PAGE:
“It’s only right that I was born to use mics.”

Nasir bin Olu Dara Jones was destined for rap way before Illmatic was even a constructive thought. By the age of ten Nas already had verses to spit in the park, and his neighborhood friend Willy “Ill Will” Graham was a catalyst in his musical upbringing by introducing him to records and working as his DJ when he was Kid Wave. After his parents divorced in 1985, Nas found himself dropping out of school in the eighth grade. Through this string of events—a sequence that heavily influenced his path—Nas became a product of an environment that needed a voice.

The steps that followed these events spurred Nas to further pursue a career in music, which subsequently led to his partnership with Main Source producer Large Professor in 1989 (Shecter, The Source). After recording material in a studio that also housed Eric B. and Rakim, Nas got his first taste of the sleek shine of musical construction. And although Large Professor admitted Nas to record in the studio, none of these recordings were ever released.

It wasn’t until 1991 where those outside of Queens were finally introduced to Nas. With Large Professor pushing the gate open, Nas was featured on Main Source’s “Live at the Barbeque,” the tenth track off of their groundbreaking debut album Breaking Atoms. Given the first verse, it soon became apparent to the hip-hop world that Nasty Nas was a beast, frontrunner and messiah ready to be unleashed.

“Live at the Barbeque”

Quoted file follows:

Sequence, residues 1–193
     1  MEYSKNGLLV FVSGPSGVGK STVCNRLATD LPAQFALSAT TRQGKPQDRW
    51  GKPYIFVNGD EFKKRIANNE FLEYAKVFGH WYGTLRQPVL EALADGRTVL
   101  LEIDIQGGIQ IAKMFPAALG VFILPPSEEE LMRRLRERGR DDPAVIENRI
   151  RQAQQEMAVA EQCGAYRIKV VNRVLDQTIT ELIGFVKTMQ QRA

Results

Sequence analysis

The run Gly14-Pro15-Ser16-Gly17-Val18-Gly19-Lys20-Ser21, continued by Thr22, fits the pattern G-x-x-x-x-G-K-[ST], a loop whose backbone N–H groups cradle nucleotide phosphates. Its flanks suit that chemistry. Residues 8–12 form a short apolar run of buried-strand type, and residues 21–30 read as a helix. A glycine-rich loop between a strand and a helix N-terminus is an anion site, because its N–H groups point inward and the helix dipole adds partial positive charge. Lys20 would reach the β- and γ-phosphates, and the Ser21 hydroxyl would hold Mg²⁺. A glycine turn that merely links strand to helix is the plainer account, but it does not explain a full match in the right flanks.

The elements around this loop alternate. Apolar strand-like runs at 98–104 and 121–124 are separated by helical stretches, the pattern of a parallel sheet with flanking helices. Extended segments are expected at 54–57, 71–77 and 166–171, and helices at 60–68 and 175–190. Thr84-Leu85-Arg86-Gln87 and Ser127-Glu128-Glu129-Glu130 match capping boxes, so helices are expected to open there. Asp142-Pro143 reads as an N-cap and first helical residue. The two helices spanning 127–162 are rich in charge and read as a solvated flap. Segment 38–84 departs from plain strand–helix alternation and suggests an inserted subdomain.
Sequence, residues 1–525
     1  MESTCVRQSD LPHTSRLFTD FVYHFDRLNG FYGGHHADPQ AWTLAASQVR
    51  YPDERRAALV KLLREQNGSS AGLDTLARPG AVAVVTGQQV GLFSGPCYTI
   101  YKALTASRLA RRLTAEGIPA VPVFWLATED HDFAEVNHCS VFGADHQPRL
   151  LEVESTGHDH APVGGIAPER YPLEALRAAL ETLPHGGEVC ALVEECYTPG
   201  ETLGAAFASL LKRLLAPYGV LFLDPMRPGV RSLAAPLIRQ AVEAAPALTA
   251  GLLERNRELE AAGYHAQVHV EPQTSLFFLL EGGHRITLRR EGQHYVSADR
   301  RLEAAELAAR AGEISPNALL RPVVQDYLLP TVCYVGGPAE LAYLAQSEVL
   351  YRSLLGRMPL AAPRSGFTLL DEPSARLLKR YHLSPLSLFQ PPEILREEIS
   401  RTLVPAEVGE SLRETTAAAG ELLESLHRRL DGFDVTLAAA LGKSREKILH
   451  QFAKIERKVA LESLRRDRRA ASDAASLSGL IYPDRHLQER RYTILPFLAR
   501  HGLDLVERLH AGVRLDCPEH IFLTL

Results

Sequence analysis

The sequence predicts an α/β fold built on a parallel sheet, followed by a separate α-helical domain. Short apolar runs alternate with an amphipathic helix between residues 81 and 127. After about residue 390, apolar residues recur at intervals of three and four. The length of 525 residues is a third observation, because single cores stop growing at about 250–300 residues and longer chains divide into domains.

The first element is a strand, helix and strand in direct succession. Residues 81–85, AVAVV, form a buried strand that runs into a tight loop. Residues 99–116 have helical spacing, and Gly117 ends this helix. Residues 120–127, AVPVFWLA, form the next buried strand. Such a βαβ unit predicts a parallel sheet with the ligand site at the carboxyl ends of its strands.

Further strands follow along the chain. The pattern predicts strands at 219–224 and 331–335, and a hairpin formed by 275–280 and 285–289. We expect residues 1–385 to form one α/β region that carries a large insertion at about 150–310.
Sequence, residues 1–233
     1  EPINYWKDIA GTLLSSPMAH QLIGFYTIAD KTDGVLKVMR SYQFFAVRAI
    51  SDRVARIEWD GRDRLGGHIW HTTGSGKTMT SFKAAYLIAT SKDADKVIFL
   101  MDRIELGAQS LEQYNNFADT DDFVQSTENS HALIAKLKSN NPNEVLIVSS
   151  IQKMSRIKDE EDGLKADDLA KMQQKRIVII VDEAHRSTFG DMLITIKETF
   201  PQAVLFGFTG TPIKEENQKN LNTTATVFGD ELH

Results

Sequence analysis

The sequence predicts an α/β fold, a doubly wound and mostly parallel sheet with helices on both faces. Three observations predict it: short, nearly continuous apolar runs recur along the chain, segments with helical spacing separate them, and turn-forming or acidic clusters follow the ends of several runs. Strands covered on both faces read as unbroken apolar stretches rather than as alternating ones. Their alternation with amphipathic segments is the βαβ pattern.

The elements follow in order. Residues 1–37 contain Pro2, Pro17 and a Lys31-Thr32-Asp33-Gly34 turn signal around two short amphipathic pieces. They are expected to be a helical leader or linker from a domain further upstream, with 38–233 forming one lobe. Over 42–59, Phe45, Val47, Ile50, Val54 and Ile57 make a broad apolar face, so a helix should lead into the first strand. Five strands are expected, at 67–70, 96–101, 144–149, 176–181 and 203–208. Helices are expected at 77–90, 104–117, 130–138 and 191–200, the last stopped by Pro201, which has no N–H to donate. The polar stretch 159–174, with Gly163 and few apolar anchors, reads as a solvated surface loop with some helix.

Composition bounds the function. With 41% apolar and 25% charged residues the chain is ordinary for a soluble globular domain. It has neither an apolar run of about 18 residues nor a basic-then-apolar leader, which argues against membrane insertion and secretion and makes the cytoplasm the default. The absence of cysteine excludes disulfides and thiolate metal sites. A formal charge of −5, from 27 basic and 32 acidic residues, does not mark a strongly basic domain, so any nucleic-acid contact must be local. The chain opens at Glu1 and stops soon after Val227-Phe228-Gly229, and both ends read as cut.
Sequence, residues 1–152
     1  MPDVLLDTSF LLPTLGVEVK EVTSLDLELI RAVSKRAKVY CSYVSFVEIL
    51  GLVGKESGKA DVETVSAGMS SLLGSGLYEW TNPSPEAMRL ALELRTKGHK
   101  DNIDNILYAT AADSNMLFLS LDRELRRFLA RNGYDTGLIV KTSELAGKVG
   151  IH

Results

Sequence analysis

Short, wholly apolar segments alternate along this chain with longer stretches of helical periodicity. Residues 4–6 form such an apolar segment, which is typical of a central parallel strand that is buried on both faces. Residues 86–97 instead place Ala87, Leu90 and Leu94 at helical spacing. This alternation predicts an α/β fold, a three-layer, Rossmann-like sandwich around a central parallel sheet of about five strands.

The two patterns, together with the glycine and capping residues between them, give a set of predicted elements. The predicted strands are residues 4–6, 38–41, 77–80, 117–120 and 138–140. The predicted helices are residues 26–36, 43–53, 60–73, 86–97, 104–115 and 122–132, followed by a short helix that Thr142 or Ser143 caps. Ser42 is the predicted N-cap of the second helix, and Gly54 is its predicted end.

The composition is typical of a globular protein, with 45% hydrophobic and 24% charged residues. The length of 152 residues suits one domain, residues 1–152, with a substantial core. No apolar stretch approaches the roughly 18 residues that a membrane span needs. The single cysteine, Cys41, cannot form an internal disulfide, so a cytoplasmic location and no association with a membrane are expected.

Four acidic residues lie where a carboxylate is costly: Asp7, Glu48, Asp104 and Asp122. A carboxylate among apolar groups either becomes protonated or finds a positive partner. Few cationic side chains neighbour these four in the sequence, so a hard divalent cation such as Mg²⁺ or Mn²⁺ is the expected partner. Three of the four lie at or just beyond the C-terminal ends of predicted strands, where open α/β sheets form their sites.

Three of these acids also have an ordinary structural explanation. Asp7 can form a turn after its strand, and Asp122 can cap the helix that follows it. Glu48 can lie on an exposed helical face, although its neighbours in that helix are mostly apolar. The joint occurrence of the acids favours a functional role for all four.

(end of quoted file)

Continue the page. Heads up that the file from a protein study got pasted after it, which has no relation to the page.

On a posse cut that bombards the listener with a hook that repeats the line, “It’s like that ya’ll,” “Live at the Barbeque” couldn’t have set the stage better for Nas’ introduction. Although we don’t see the unconscious flow or the structured verbal passion Nas possesses on Illmatic, it’s his attitude and swift jabs at religion, AIDS and U.S. history that grabs us before the 1 minute mark (“Kidnap the President’s wife without a plan / And hanging niggas like the Ku Klux Klan / I melt mics till the sound wave’s over / Before stepping to me you’d rather step to Jehovah”). Furthermore, “Live at the Barbeque” introduces an 18-year-old that rifles with metaphorical cuts masked in clever internal rhyme schemes that not only scoop us in the Golden Age’s ever-growing output, but also invade our mind with innovative thought (“Verbal assassin, my architect pleases / When I was twelve, I went to Hell for snuffing Jesus / Nasty Nas is a rebel to America / Police murderer, I’m causing hysteria”).